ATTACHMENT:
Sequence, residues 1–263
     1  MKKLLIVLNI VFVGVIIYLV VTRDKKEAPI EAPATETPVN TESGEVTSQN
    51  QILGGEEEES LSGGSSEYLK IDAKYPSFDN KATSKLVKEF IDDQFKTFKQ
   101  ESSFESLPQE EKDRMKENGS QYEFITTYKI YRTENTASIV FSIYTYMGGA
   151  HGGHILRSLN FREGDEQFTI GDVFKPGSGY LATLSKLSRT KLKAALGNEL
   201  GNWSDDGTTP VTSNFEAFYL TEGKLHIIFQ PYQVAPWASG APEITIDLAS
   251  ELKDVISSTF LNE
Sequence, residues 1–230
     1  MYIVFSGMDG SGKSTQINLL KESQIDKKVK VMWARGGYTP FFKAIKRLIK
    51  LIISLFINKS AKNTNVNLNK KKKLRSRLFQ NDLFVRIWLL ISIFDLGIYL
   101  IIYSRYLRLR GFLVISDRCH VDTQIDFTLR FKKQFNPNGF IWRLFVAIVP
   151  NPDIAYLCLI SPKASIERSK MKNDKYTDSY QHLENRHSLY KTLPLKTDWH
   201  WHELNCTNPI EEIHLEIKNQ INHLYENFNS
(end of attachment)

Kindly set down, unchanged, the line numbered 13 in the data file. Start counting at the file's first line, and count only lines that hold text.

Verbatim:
   201  WHELNCTNPI EEIHLEIKNQ INHLYENFNS